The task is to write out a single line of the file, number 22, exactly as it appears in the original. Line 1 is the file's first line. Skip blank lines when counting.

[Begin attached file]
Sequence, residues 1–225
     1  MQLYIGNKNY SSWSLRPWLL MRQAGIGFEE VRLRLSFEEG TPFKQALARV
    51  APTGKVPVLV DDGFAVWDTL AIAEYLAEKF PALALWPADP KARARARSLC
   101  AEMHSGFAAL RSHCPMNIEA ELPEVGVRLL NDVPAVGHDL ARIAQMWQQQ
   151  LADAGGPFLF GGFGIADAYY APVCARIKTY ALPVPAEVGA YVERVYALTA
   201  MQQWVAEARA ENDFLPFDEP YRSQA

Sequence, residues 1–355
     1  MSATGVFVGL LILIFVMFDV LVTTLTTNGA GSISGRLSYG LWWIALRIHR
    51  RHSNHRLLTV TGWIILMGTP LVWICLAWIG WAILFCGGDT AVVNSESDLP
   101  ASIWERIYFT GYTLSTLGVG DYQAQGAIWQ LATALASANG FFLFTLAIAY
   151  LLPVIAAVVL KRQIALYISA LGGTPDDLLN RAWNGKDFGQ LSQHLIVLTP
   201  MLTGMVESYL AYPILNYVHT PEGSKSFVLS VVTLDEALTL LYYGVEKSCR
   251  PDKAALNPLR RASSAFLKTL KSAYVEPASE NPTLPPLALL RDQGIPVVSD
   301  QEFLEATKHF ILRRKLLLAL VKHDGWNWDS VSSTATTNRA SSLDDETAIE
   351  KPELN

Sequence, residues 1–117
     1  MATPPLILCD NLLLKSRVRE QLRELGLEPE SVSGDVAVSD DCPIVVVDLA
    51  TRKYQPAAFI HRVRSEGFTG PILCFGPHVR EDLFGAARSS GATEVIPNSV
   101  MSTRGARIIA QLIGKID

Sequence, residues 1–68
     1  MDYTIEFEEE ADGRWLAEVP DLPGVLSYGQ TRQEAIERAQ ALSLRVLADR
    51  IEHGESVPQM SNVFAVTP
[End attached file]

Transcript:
    51  IEHGESVPQM SNVFAVTP